By Isayinka Stephen
The scourge of joblessness and youth unemployment is neither a fairytale nor a myth in Nigeria, Africa’s most populous nation. Over 55.4 per cent of young people aged 18 to 35 are unable to find suitable work to earn a living. Nearly a quarter of the entire Nigerian population is out of work and over 20 per cent is underemployed. In attestation to this fact, the Minister of Labour and Employment, Chris Ngige, disclosed that the unemployment rate may increase from 23.1% to 33.5% by 2020.
By some estimates, Nigerian tertiary education institutions produce up to 500,000 graduates every year and there are also Nigerian graduates who study abroad and come home to compete for jobs annually. This new data is a sign of the need for urgent actions on both public and private sector operators.
As a result, creation of jobs has been one of the key issues discussed throughout the campaigns in Nigeria. To a large extent, it can be said that poverty, crimes, armed conflicts and other related social problems in the country are derivatives of unemployment. Truly, an idle man is the devil’s workshop. Oftentimes, the hungry youths are vital instruments mobilised for selfish political ambitions either as thugs or the like. Unfortunately, those instruments are dumped after use. Being young in Nigeria is very challenging basically as a result of the fact that there are no opportunities awaiting our so-called future. Apart from job applicants, undergraduates seeking outside-the-classroom experience are battered by the rigorous procedures for internship placement or unwelcoming policies of many industries or organisations in the country.
As a result, a vast number of our youths wander in the wilderness of hopelessness with a sizable number of the unemployed intensifying national insecurity through crimes and other related social vices. The isolation of the youth not only dents our image as the giant of Africa but also serves as a quick self-destructive technique to the better Nigeria we all hope for.
Apart from the high crime rate in Nigeria, the increasing unemployment rate continually constitutes adverse effects on both the economy and society. The reduction in the national output of goods and services, increasing number of dependent people, rural-urban migration and a high level of poverty are all end results of this misery.
Moreover, several factors contribute to this. One of the major elements responsible for the high level of unemployment is the rapid growth in population. There has been an increase in the growth of the labour force along with the inadequate supply of jobs. The rapid population growth has been accentuated by rural-urban migration. This has increased the population in cities thereby raising the level of joblessness.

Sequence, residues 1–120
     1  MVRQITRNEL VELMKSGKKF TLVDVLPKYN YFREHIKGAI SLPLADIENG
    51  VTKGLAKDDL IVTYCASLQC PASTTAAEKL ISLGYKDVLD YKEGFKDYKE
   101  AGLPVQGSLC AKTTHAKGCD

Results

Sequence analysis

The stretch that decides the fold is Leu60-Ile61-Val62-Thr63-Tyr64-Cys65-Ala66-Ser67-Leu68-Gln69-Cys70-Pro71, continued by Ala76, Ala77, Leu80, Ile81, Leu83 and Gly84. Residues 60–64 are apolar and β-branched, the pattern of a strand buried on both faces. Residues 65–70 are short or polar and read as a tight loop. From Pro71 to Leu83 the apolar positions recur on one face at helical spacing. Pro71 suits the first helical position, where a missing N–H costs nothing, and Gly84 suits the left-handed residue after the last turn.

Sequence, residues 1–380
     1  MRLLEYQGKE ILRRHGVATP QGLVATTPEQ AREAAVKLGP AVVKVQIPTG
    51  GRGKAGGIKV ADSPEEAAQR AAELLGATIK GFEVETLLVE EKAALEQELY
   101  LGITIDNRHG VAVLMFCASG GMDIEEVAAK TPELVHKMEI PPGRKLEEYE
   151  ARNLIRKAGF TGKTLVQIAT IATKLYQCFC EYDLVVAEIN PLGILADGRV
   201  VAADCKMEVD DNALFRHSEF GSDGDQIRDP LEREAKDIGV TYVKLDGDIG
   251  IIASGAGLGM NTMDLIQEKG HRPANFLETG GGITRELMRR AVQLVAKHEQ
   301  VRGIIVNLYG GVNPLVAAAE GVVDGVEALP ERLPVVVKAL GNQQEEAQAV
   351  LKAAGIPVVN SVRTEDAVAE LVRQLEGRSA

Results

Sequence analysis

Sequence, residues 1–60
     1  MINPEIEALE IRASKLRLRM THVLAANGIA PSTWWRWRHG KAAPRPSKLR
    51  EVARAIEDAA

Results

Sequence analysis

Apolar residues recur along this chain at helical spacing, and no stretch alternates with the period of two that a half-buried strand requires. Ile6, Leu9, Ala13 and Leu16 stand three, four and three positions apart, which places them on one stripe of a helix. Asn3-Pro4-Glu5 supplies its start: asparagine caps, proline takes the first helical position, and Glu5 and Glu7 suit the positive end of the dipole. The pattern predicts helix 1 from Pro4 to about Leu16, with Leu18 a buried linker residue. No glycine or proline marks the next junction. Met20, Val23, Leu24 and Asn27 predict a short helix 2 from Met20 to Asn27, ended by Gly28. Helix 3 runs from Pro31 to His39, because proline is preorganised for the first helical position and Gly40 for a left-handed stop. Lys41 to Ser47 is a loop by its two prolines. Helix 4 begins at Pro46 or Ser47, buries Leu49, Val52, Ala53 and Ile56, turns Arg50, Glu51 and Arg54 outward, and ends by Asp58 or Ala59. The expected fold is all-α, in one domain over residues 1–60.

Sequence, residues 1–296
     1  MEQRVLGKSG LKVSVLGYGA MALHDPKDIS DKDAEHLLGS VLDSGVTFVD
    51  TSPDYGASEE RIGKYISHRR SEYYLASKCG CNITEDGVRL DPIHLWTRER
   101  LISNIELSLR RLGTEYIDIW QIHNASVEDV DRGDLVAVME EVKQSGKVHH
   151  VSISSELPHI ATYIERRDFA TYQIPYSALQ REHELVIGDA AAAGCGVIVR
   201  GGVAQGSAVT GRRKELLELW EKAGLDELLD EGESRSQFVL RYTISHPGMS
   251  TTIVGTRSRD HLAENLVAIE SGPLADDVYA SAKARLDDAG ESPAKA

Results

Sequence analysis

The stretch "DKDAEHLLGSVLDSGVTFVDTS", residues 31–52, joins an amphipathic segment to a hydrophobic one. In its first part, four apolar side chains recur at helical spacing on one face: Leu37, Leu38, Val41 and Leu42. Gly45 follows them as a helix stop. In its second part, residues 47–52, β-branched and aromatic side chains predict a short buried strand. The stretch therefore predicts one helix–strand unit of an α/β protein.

Currently, the youth literacy rates are 79.89% and 65.33% for males and females respectively. The lack of quality education escalates this misery as most employers assume that Nigerian graduates are lazy and or unemployable. Besides, the poor education sector which places priority on theories at the expense of practical use of knowledge aggravates youth unemployment. For example, a graduate of agricultural science may be conversant with the theories of farming but lacks practical agricultural skills. It is a nightmare that many tertiary institutions lack practical entrepreneurial training. A programme that ought to be a systematic consolation and pathway to self-discovery for the weary youths turns out to be something else.
Another key problem is the combination of poor leadership and high level of corruption in Nigeria. The failure of government to perform its constitutional duties has resulted in high level of unemployment. Also, corruption among politicians has resulted in the mismanagement of funds which should have been used for the creation of job opportunities.
In addition, the misery of most Nigerians has been worsened by the decline in economic activities. This factor invariably intensifies the plight of the youth as they wander around with their curriculum vitaes seeking opportunities that may abound for a livelihood. Due to recession, a lot of adults (including youths) have been sacked from work, thus creating no opportunities for the unemployed. Most companies (especially banks) lay off their employees because they can no longer afford their pay.
The lack of steady and sustainable power supply has made the economy volatile. The mystery behind this is that it scares away investors. The lack of basic infrastructure has led to the high cost of production. No wonder companies make use of fewer hands because of the high cost of production.
To overcome the unemployment crisis in Nigeria, government must be effective in performing its duties. An enabling environment should be created for productive activities to thrive. There is a need for government to foresee the looming crisis and take all possible actions to prevent it. It is very important.
Isayinka Stephen, writes from Institute for Peace and Conflict Resolution, Abuja. Isayinkastephen@gmail.com